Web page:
My concern stems only from my (limited) knowledge of the newer directions that research into the Dark Age in Britain (and specifically England) have been taking in recent years. Wickham shows that he was well aware when writing of some of the cogent arguments against the "traditional" interpretation - of a significant immigration by an "Anglo-Saxon" population - but seems unable fully to embrace and assess these. His passages on the British experience in the earlier part of the period retain too many long-established shibboleths, and he seeks too hard for tenuous or spurious evidence to bolster that traditional view. A few too many assumptions and "guesses" are deployed in support.
I look forward to reading his newest book - recently published - to see whether his academic rigour is overcoming his long-held prejudices. He needs - along with many other Anglo-Saxon scholars - to consider what the accumulating evidence AGAINST the large-scale-immigration orthodoxy may mean for interpretations of the status quo ante (Roman and pre-Roman periods) and the potential causes for the apparently greater dislocations in these islands after Roman control started to slip.
It is these doubts about an area I DO know a little about, that just make me wonder about some of those in which my ignorance is outstanding...
Subject to that, it's highly recommended reading, particularly for clarifying the vast differences between different parts of Europe in the aftermath of Rome.
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It is in the latter that the only real problem with the book arises. The author is so pro-peasant in his view that he takes what could be called a "Xena" view of medieval class struggles. In Xena (and Conan, and Red Sonya, and 10,000 B.C., to name but a few sword-and-sorcery potboilers) there is a familiar scene where the peaceful peasants are going about their village business, talking to each other and carrying out their daily tasks, while a band of heavily-armed thugs is approaching the village on horseback, ready to destroy it with fire and sword. In this author's world, heavily-financed aristocrats are about to encroach on an idylic and egalitarian peasant world, forcing the formerly free peasantry to pay rent, work harder, and have more children. In what is perhaps his most radical claim, the author suggests that the serious decline in population from the late empire to about 700 A.D. was due, not to war, pestilence, famine and occupation but -- family planning! He admits that he cannot prove this, but it is clearly an idea which attracts him. I am dubious -- it is difficult to think of any other society between the birth of agriculture and the industrial revolution where the bulk of the population did not breed to its Malthusian limit, and the claim that early medieval Europe was an exception would require a good deal of proof.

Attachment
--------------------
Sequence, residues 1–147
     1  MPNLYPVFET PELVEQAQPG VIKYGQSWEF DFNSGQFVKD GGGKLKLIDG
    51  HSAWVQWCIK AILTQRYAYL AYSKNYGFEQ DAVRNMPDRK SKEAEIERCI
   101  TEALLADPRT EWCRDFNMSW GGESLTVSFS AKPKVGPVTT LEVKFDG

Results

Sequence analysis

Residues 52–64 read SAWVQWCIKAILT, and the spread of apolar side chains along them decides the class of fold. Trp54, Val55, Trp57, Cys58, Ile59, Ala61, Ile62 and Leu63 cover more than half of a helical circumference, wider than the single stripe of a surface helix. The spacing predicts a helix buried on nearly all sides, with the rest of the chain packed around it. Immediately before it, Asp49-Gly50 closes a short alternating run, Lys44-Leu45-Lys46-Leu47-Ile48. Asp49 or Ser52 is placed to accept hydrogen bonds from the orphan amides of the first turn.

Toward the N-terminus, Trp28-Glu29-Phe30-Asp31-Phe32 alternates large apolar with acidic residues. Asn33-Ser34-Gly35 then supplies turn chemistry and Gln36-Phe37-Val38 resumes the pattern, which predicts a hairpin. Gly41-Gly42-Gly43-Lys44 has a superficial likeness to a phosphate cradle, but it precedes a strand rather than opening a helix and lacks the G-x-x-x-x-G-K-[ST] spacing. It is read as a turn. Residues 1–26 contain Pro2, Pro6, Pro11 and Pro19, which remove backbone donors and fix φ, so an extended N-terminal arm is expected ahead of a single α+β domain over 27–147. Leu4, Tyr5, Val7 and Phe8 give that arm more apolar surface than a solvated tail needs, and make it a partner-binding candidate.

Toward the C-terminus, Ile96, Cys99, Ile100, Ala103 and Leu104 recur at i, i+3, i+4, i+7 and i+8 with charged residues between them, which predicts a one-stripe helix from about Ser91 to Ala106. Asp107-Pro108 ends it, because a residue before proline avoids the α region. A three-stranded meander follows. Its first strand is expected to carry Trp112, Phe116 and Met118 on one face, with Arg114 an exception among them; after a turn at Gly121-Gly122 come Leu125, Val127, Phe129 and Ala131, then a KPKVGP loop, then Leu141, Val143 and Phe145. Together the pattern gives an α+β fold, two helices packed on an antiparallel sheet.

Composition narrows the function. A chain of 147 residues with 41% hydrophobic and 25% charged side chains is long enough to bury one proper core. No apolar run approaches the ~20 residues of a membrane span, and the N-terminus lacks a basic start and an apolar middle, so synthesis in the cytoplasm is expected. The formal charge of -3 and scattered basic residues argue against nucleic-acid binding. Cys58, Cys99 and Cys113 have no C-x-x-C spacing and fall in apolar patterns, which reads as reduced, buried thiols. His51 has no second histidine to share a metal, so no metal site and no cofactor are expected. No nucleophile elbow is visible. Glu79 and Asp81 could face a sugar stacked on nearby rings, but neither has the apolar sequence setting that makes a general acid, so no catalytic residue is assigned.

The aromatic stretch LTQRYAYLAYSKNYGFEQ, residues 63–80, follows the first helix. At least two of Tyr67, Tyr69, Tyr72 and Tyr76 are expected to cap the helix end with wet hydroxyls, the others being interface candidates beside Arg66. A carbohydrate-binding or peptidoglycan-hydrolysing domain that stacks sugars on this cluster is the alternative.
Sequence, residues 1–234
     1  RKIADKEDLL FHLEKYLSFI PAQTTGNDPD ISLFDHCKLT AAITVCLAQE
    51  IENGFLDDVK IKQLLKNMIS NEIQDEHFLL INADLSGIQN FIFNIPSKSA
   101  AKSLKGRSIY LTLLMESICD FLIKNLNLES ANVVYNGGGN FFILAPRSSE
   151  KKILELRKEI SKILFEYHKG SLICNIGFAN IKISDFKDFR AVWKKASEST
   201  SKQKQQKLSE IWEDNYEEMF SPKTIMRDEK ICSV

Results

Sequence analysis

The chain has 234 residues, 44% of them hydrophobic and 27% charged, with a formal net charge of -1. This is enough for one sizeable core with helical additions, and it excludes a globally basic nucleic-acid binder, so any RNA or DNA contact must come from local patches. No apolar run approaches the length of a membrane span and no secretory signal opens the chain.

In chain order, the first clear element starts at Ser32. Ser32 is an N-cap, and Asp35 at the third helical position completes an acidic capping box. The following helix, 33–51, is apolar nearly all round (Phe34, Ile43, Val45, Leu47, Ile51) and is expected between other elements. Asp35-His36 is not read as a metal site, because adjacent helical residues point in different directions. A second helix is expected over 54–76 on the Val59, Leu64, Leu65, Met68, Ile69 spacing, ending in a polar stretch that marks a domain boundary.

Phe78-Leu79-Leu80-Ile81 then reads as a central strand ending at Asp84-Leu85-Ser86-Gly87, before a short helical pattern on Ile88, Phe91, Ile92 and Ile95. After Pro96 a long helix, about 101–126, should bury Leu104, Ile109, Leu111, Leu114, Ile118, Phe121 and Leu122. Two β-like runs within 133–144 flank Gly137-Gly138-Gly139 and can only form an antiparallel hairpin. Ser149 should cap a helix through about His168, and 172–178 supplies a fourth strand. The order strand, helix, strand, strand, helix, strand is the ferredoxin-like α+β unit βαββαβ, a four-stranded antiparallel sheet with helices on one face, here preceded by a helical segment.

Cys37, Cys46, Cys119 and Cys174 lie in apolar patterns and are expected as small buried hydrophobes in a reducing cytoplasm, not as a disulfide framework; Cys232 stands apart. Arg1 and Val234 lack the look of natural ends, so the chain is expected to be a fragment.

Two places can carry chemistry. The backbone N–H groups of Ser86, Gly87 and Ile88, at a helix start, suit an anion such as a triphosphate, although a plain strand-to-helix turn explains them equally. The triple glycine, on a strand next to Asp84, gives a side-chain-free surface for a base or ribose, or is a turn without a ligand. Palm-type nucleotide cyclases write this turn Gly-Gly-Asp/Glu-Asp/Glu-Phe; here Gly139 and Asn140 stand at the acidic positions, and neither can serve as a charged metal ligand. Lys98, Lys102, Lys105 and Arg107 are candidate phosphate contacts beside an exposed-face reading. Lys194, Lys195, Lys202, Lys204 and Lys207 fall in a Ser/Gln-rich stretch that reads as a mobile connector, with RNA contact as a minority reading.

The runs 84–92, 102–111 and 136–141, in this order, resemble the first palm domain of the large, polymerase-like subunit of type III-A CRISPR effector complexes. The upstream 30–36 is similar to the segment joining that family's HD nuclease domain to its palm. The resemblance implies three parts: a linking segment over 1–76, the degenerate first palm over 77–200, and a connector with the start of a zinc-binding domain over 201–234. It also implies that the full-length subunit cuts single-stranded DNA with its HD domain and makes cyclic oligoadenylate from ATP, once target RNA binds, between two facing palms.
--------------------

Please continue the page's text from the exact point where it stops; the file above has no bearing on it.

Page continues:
That said, this is a wonderful book. Even its bias supplies a point of view which has been the subject of all-too-little factual analysis in the past. And by focusing on social relations above all, the author presents a very different view of the dark ages than that usually presented in our histories. Far from being a time of barbarism and decay, the early Middle Ages (the author balks at the term "dark ages") were a period of relative prosperity, equality, and good relations compared to what was to come.
It's difficult to rate this book. If you are looking for scholarship, it is 5 stars. If you are looking for a readable overview, it's more like 2 stars. I notice that one reviewer listed Peter Heather's "Fall of the Roman Empire" along with this as one of three must have books on the period. To me, the books were completely different. Heather's book was extremely readable, but the analysis was not not at the forefront. I wasn't particularly convinced by Heather's thesis, but more to the point, you can pretty much ignore the analysis if you just want a narrative history. With Wickham's book, each page carefully marshalls evidence and inference - you may agree or disagree, but you can't take this book lightly. That may be for better or for worse, depending on what you are looking for.